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  1. #1
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    Advice for passing 15-20 values across php pages

    Here's my scenario:

    I'm creating a mini-game on my site where users can compete against each other. I have an initiate page, where you get a listing of your stats and your opponent's and a link to initiate the event. This link goes to an immediately redirecting page that enters the results of the event into the database. The redirect ends up at a results page.

    event.php?initiate -> event.php?enterdb -> event.php?showresults

    Assuming that I have around 15-20 values to pass across to the enterdb and showresults pages, what is the best way to go about this?

    The options that I know of are:

    - put all the values in the url query string (which would be quite lengthy)
    - put all the values into an array and serialize/unserialize
    - put all the values into a session and destroy it upon reaching the results page
    - do one of the above to get the values to the enterdb page, and make a call to the database on the showresults page

    Things I want to take into consideration:

    - code speed/minimizing database calls
    - protecting the values coming into the enterdb page to prevent abuse (entering custom values)

  • #2
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    2 & 3 , serialize the data, store it in a session, the only `errr` is how much data are we talking about? , if its 15 or 20 mostly numeric values and small strings then thats probably fine, if you had fulltext data to pass around I would probably be putting that in the DB or a seperate flatfile.
    resistance is...

    MVC is the current buzz in web application architectures. It comes from event-driven desktop application design and doesn't fit into web application design very well. But luckily nobody really knows what MVC means, so we can call our presentation layer separation mechanism MVC and move on. (Rasmus Lerdorf)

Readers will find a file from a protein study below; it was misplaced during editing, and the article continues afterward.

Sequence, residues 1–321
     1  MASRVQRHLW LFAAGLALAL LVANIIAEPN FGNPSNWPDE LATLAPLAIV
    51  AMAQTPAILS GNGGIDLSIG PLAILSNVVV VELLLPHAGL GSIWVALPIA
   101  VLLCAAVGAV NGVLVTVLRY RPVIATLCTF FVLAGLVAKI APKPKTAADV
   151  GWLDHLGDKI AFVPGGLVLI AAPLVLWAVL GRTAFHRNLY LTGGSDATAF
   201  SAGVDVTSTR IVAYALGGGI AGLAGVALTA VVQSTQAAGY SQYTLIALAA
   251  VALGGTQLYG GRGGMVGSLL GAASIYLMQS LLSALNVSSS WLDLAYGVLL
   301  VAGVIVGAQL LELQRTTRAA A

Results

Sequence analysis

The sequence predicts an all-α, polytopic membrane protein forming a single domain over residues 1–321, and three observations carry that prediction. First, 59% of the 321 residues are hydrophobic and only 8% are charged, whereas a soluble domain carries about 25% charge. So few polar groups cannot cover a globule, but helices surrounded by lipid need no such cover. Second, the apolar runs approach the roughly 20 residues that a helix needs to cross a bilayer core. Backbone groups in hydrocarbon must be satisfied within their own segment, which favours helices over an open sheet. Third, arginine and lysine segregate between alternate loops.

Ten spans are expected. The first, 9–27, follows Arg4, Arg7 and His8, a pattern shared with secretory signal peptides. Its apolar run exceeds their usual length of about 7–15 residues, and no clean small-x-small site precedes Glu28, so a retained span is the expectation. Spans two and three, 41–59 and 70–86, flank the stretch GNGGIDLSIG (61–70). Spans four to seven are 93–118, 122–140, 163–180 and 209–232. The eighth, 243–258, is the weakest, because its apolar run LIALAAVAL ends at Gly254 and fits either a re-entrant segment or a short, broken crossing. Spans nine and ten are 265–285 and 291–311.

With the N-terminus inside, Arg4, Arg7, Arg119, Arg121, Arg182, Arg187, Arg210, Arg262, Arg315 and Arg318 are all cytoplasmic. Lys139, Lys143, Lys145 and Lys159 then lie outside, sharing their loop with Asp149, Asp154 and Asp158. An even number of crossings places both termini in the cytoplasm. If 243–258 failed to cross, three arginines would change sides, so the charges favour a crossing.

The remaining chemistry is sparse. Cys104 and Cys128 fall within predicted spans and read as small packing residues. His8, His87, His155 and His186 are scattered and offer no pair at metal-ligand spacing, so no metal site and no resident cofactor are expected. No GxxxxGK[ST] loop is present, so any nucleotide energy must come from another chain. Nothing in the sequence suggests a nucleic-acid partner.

• #3
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    Thanks, firepages.

    Almost all of the values are numeric. How server-intensive are sessions (assuming I'm only going to keep these particular ones open for a second or two)?

  • #4
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    They are not server-intensive as such (there could be some limits on the size of the session tmp directoy (unless you make your own session handler)) and you can keep lots of data in them thought they are primarily for keeping state in a stateless environment, there are better methods for storing fulltext & markup etc.
    resistance is...

    MVC is the current buzz in web application architectures. It comes from event-driven desktop application design and doesn't fit into web application design very well. But luckily nobody really knows what MVC means, so we can call our presentation layer separation mechanism MVC and move on. (Rasmus Lerdorf)


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